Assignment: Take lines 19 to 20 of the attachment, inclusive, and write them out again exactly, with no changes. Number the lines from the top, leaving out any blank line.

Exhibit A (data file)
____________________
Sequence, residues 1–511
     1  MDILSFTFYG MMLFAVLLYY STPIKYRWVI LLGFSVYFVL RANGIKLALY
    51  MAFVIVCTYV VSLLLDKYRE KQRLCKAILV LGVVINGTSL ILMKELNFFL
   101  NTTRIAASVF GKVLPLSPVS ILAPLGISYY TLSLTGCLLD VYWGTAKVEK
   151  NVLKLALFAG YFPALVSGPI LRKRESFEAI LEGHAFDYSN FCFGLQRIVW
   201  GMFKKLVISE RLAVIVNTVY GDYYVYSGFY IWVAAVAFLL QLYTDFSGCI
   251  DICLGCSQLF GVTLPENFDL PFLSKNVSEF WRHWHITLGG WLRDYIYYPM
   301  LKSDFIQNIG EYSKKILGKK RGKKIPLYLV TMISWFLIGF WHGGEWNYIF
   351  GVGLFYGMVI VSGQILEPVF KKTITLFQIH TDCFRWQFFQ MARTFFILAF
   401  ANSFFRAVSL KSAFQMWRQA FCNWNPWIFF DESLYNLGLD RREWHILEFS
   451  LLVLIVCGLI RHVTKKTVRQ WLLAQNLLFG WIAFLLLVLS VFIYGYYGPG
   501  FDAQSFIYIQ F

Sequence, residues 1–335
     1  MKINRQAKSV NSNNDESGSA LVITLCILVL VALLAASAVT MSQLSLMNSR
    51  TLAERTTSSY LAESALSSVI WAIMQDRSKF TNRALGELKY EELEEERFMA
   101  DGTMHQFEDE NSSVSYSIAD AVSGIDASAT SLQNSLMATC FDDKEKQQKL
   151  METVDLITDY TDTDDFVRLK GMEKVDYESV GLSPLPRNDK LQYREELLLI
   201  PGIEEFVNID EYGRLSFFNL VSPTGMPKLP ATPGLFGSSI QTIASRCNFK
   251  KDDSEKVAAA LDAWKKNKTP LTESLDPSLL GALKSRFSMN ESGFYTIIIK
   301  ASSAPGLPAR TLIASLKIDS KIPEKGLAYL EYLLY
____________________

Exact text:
   251  KDDSEKVAAA LDAWKKNKTP LTESLDPSLL GALKSRFSMN ESGFYTIIIK
   301  ASSAPGLPAR TLIASLKIDS KIPEKGLAYL EYLLY